8 Rim locks would help for off-road, but hey…

9 At low speeds the fuel injection isn’t perfect (stalls and stutters)

10 You see rusty spokes and flaking paint on older examples – yeah, there was some cost cutting…


An extreme test? What?! Hey, this wasn’t the plan. A proper off-road test by way of riding in the Brechfa Rally, that was all. Indeed – but then the rains came, and the winds, while the barometer plummeted. So like it or lump it, an extreme test it was for our JB and the Ten. I t was bitterly cold. Stood on top of the bare hillside of a winter’s Saturday morning with the wind whipping every last scrap of heat from my body, looking at a 100-plus entry made up nearly entirely of 250- 450cc enduro bikes, suddenly the idea to compete on the Yamaha XT660Z Ténéré seemed a mite optimistic. It hadn’t escaped my notice that it took three of us to push the Ten up the ramp into the van. Nor had I missed the fact that the promised new knobblies had not arrived, so the Ténéré was standing on some very tired OEM-type road and track hoops. It was entirely stone-stock standard, complete with silly oversized plastic UK number plate (sure to get broken inside of the first track). 

 Still, having made my plans public there was nothing for it but to tough it out. Fortune favours those acting – if not exactly feeling – brave.

So I set off on my minute. Or rather someone else’s minute, for having scooted away from the line I dutifully sat trackside for a few minutes expecting our Alex to arrive with his WR250R and a camera bag ready to document such triumphs or misery as would unfold. Only he didn’t show, so off I went. And it was cold. Cold enough to be thankful for that neat wee fairing the Ten sports, it takes the edge off and when you’re looking to cut a 60mph swathe into the teeth of the freezing gale, that is enough.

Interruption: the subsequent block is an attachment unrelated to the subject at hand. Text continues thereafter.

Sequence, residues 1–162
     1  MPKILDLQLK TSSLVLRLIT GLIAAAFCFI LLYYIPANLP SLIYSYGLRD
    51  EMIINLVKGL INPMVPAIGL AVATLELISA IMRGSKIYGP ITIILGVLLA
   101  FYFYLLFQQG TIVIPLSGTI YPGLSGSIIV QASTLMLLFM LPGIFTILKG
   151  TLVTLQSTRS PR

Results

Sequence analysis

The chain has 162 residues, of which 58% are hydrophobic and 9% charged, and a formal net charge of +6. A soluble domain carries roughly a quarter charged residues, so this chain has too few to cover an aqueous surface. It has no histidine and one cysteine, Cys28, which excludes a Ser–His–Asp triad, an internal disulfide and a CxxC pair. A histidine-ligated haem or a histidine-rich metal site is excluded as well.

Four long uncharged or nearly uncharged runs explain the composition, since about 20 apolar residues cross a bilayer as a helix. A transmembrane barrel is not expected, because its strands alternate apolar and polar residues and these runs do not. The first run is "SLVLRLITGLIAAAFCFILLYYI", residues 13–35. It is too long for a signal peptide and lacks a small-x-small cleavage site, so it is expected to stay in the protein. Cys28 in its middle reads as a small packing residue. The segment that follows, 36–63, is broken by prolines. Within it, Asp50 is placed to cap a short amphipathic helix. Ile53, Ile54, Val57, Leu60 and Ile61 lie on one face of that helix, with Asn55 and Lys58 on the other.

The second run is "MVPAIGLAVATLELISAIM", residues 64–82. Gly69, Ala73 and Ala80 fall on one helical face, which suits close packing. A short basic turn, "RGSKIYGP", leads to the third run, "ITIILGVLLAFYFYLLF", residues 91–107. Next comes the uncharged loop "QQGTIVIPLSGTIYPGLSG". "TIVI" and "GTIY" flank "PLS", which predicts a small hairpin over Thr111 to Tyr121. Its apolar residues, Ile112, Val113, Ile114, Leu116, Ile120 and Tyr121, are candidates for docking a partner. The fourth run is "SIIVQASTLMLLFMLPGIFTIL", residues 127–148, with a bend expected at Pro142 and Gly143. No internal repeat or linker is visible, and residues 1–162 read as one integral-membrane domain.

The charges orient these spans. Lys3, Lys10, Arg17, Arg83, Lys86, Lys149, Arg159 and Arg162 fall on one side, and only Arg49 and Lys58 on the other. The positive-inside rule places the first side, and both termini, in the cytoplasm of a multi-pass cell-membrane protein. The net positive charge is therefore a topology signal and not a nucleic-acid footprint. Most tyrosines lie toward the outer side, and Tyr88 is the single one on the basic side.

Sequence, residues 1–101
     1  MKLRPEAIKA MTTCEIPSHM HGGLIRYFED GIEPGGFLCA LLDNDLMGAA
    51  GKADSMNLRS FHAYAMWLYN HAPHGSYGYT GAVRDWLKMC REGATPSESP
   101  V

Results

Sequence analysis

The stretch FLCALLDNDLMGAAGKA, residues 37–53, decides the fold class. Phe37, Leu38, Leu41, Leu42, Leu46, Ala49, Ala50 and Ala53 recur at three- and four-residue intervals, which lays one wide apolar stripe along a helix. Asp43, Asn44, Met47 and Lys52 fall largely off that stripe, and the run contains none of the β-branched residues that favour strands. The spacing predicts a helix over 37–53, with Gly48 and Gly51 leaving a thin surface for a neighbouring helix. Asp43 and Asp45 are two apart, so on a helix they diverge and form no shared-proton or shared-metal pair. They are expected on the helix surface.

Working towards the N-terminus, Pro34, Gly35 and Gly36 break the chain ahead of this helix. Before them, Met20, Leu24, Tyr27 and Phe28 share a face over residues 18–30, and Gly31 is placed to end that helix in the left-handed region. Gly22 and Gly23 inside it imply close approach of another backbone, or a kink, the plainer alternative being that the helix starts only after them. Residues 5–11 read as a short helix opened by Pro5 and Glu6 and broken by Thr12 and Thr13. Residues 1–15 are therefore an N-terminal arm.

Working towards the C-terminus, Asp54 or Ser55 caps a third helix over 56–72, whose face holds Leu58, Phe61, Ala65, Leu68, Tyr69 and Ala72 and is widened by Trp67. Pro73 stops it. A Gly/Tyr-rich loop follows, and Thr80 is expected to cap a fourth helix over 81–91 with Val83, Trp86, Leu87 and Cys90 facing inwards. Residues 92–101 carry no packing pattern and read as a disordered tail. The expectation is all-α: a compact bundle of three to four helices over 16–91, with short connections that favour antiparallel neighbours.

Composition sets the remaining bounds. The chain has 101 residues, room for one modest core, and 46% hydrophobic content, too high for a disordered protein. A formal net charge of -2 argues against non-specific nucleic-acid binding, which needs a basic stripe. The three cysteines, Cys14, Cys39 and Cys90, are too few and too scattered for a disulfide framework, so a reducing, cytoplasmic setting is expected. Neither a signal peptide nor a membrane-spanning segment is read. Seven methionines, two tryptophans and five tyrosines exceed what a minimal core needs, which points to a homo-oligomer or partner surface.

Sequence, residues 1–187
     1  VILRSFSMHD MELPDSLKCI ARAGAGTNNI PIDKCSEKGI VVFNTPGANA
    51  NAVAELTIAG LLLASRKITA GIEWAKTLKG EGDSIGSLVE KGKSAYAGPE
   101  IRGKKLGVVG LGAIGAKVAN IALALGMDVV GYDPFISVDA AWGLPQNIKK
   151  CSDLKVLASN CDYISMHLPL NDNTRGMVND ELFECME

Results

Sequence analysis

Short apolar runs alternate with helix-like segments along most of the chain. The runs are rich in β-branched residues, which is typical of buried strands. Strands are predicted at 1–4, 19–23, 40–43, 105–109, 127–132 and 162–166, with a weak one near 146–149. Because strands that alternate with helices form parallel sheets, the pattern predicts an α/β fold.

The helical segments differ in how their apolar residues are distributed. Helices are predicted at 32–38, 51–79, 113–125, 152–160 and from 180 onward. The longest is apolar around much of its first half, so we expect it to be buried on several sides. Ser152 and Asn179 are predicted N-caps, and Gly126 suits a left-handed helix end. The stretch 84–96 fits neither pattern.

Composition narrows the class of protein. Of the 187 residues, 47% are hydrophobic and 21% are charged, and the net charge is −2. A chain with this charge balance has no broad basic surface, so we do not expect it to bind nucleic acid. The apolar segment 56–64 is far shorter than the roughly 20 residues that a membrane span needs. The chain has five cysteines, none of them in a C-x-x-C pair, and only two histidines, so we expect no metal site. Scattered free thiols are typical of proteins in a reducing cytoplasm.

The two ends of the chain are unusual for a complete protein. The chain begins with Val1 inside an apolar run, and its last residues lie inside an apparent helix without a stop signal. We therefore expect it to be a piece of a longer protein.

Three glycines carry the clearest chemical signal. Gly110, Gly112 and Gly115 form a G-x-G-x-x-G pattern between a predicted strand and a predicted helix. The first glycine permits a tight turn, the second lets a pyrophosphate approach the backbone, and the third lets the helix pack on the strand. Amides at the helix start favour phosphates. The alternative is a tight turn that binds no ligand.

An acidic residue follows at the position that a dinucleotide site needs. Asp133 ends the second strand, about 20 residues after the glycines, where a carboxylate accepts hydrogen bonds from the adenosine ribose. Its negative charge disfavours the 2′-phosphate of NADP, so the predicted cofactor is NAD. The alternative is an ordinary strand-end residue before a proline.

About five minutes in, sure enough, I found a challenge. Following a muddy single rut along the bottom of a block of pine forestry suddenly the course turned left and upward, in the biggest possible way. With no run-up I got a quarter of the way up before losing traction and having to lay the Ten down. By good fortune two marshals were on hand and, bless their youth, they gave the Ten enough of a push to get it going upwards again. And so I made the climb, albeit I had to hop off and run it over the crest.

Then, of course, I took the obligatory five-minute breather as old men need. Still, I’d got up a hill of such steepness and slipperiness as I wouldn’t even consider on a 1200GS. In a fashion.

The Ten’s character was impressing though. That motor is a gem. It’s way underpowered by modern comparisons, but it’ll slug away doing a steady 70mph on the road, while on the tracks the bottomto-mid is just enough for it to pootle along quite economically – pick a pace (the motor likes to pop along, don’t overly lug it sub-3000rpm) and stick with it. 

There are just the five speeds in the gearbox, but the torquey nature of the motor made those stretch well enough. For rallying we’d lower the gearing with a tooth off the countershaft sprocket, but for adventuring that gearing is fine.

Handling off-road was initially sketchy. The guys at the Yamaha Off-Road Experience had brimmed the tank for us. Nice to have all that free juice, but 20-plus litres is some weight penalty when you’re trying to ride enduro type terrain gone bad. As well the tyres, without rim locks, were running at a positively buoyant 20psi, which combined with well-rounded knobs meant marginal grip in the loamy gloop. And added to this was some pretty basic suspension action. Almost immediately I could feel the lack of damping in the forks, so each bump, each step, each rock, would transmit something of a shock through the bars, tiring my arms. The rear shock felt better, but only just.